Raspberry Pi fans

The fans can be setup at two different voltages. Being so small and already used to a semi-tower gaming PC, I directly went for the 5V voltage connection.

Update: After some testing, if you're not going to do emulation with the newest consoles, setting the voltage to 3V still cools up the interior but the fan makes almost no noise.

Fan different speeds diagram

I originally had made additional ventilation holes to the case, hoping would be enough to let the hot air go out, but as it didn't worked I had to modify those holes to place and hold the fan:

NES clone RPi case with fan

Everything finally assembled, I played through a few levels of Aliens vs Predator (MAME version, good benchmark), a few races in PSX Gran Turismo 2 arcade mode and the first full level of NeoGeo's Metal Slug. Not a single slowdown.

Part III: Replicating the success

I liked the system it so much that I actually bought another Raspberry Pi, a 3 B+ model, with an official case. This is the one that I'll keep at home to squeeze those extra 200MHz and better network speed it brings. I initially thought about just leaving the case open, but as the fans came in a 2-pack, I decided to also install the other one on it:

Installing the fan into an official RPi case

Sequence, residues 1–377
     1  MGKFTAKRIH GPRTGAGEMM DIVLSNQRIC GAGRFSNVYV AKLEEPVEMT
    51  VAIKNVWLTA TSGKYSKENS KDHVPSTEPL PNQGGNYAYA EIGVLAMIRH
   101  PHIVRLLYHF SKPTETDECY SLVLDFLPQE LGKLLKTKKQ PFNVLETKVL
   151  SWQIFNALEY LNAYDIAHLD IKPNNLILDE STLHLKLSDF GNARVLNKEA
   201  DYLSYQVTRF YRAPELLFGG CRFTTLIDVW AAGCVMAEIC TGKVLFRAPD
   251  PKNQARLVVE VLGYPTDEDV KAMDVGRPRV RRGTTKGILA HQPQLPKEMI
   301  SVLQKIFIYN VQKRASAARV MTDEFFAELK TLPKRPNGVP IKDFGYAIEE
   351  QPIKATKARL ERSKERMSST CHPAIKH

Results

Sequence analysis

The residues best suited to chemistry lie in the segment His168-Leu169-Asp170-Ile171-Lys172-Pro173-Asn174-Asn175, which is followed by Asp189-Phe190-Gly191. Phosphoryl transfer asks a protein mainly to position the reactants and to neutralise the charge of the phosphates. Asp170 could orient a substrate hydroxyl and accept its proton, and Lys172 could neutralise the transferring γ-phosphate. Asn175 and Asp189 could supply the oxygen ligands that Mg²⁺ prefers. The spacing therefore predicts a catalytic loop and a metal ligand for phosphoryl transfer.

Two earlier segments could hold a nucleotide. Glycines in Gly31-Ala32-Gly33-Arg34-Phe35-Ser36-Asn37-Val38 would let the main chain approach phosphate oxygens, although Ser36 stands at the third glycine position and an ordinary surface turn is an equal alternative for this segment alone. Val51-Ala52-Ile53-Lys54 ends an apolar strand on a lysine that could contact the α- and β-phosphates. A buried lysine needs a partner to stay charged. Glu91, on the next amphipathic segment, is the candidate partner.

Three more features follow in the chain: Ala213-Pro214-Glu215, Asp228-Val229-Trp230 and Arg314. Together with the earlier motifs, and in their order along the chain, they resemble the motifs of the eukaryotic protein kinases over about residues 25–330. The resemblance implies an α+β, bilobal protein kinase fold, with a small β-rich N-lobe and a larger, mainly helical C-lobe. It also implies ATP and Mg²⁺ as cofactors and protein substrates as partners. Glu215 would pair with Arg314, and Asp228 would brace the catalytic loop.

And after some patience and plastic cutting, this is how it looks fully assembled:

Official RPi case with fan

As you might notice the hole is not centered. This is on purpose to place the fan exactly above the CPU. Less aesthetic but I prefer pragmatism.

Even with the fan, the official case doesn't have any ventilation hole/grid, so when playing I open one of the side lids (the one without connectors) so the air flows out from it instead of being kept inside.

I'm only missing setting up the second gamepad for the system, as I have a handy original SNES to USB adapter that allows to plug two pads, but joystick configuration is so easy that I don't expect any trouble.

Closing thoughts

I'll use the NES-like system as a "portable arcade", for vacations, events, etc. as I just need an HDMI plug and I have an extra USB gamepad.

I haven't tested anything more powerful than Nintendo-64 emulator, but people seem to be using it to play even PSP games, so this 3.5 generation of the Raspberry Pi is already quite powerful, despite not having a decent GPU. RetroPie 4.4 feels quite stable and my plan is to stick with the system for as long as possible, as my only wish would be more MAME ROMs support, but even with the actual compatibility is fine by me.

I only tried the Raspberry Pi 2 with few games and then gifted it to my sister, so I really don't know the performance cap it has compared with a Pi 3 or 3B+.


Other useful software I've installed will get listed here.

  • Kodi: An amazing media player from the creators of XBMC, highly configurable and supporting plugins (although I haven't tried them).


Update #1: Added Appendix section with Kodi software.

Update #2: Added a link to an Ars Technica guide which contains very detailed installation instructions.